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National Weather Service looking for volunteer storm spotters

The National Weather Supervision says anyone can sign up for weather spotting, and are recruiting people as young as 10 years old.

MOLINE, Ill. — The National Weather Service in the Quad Cities is looking for help in spotting the next big storm.

They're called "SKYWARN Storm Spotters", and SKYWARN is a volunteer organization with between 350,000 and 400,000 severe weather spotters. Spotters help provide real-time reports to the National Weather Service on what's happening on the ground."

"It doesn't matter how much our technology advances, we're always going to need that human element," Warning Coordination Meteorologist Rich Kinney said. "Real time reports are absolutely critical for the warning process, and helping protect life and property."

The storm spotter trainings, held in March in April every year, teach people how to notice and report certain weather events. Kinney said most spotters would observe from their home or work, and send in reports from there. 

"Then we turn more to some of the basic terminology and building blocks with storm features, then we go to more thunderstorms in depth," Kinney said. "Talking about the four main types of thunderstorms, including the one with the highest severe weather threat to supercell thunderstorm."

Officials encourages young kids to get involved in weather spotting, to hopefully turn it in to a lifelong interest.

"Young kids, who are really interested in the weather, they can sort of participate, you know, with their parents or guardians in this program," Kinney said.

You can find more information on becoming a volunteer weather spotter by clicking/tapping here, and clicking on the "become a spotter" tab. There's also a full schedule of trainings in the link above.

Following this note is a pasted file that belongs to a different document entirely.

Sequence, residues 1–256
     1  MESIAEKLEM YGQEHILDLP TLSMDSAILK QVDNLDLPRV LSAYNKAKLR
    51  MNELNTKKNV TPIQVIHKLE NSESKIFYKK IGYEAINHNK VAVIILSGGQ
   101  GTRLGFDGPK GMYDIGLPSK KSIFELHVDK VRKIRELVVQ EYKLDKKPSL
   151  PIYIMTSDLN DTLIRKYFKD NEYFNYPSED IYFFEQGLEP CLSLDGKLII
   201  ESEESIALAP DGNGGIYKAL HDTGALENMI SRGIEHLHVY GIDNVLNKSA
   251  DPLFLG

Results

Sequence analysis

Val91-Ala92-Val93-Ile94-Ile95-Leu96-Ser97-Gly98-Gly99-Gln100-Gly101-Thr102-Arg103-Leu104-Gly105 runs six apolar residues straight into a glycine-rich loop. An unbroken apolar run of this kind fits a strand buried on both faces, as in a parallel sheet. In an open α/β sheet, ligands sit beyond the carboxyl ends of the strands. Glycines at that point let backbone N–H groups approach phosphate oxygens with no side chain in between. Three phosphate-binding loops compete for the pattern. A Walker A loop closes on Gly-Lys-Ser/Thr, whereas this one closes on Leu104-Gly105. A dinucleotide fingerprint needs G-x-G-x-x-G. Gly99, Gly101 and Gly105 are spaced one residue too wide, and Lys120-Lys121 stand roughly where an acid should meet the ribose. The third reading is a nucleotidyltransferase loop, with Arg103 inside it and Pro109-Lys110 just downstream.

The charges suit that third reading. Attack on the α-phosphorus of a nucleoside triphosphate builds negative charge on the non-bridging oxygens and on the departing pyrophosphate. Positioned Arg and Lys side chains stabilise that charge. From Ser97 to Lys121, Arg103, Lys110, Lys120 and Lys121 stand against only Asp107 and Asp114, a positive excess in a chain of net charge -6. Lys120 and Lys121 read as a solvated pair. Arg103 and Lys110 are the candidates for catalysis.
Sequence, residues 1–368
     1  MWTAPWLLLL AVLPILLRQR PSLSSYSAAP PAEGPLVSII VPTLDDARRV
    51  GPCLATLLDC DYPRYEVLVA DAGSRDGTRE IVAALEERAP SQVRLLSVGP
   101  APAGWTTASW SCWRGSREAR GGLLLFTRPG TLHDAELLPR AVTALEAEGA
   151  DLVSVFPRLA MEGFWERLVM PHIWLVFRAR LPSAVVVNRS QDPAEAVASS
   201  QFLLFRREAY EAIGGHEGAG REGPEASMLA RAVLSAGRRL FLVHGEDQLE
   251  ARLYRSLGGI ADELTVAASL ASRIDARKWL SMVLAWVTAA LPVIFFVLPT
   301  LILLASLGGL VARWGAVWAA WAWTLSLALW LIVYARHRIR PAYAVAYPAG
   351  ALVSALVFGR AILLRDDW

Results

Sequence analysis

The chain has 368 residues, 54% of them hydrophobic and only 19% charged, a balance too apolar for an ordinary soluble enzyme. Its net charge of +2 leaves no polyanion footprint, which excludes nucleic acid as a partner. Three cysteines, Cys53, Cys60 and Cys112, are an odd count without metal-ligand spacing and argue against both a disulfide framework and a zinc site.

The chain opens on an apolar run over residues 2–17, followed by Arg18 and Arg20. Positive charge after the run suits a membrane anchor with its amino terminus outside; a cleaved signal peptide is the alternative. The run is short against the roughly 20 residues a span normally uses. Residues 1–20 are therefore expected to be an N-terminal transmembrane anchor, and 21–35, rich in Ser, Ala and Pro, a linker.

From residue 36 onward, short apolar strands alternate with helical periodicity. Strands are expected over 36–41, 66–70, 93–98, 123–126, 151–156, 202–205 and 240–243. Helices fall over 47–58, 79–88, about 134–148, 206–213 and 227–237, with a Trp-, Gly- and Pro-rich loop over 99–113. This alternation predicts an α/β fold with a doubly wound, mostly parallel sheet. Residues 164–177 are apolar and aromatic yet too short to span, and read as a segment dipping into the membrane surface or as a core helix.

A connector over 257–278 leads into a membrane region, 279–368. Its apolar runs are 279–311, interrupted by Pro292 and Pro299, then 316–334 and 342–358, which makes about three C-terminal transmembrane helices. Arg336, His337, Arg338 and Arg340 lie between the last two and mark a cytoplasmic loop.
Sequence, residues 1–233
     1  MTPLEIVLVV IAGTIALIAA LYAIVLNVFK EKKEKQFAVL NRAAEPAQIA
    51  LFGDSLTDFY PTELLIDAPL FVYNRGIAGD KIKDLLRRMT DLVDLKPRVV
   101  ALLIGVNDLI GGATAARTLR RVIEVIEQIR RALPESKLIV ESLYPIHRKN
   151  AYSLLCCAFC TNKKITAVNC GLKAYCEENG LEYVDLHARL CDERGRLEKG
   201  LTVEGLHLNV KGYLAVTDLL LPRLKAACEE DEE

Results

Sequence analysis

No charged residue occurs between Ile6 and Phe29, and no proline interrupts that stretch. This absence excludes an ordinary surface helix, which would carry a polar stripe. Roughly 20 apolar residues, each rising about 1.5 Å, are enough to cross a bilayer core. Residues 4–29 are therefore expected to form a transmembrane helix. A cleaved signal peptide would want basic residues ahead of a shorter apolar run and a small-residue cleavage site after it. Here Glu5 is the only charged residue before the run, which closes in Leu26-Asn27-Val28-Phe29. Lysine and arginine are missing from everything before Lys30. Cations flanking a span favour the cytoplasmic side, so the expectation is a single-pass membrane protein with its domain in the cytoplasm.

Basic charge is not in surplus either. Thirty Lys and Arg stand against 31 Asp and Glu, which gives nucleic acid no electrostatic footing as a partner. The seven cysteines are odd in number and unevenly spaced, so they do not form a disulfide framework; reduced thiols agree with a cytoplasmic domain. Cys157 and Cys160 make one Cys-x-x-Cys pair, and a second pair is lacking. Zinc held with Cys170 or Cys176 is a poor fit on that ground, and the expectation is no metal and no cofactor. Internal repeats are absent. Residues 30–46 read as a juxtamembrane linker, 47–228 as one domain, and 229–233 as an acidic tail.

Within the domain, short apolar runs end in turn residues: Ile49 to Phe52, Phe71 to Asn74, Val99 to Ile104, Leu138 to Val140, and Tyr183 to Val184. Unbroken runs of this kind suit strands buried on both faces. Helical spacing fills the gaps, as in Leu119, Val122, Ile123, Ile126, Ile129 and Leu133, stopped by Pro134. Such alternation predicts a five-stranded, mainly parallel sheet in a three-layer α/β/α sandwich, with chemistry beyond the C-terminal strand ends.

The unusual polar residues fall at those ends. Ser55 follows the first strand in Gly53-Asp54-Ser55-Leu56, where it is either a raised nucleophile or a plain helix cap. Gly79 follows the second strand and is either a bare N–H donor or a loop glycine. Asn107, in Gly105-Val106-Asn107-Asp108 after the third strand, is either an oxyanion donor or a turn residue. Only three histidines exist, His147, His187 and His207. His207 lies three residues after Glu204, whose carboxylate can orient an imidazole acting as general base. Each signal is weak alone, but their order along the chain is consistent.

News 8's Charles Hart also spoke with Brian Williamsen who is a spokesperson for the American Red Cross in the Quad Cities, and he said storm preparedness is important, because disaster can strike at any time.

"The more that you can educate yourself, the more that you can be prepared to be ready," Williamsen said. 

"When you are prepared with things such as that emergency kit, making sure you do stay alert to weather situations in the area following what's going on there with the weather alerts that are out there, all the preparedness all the information you can arm yourself with beforehand can only help you out," Williamsen said.

The American Red Cross here in the Quad Cities has volunteers on stand by 24/7 to provide immediate help to those effected by disaster.

"It is a real privilege to be able to help people who have been impacted by disasters," Williamsen said. "Whether it is that home fire, or maybe a tornado came through or a hurricane. These are individuals and families who likely have gone through what could have been their worst day."

The American Red Cross has a free emergency app, that educates people on disaster preparation. You can download the app by clicking/tapping here.

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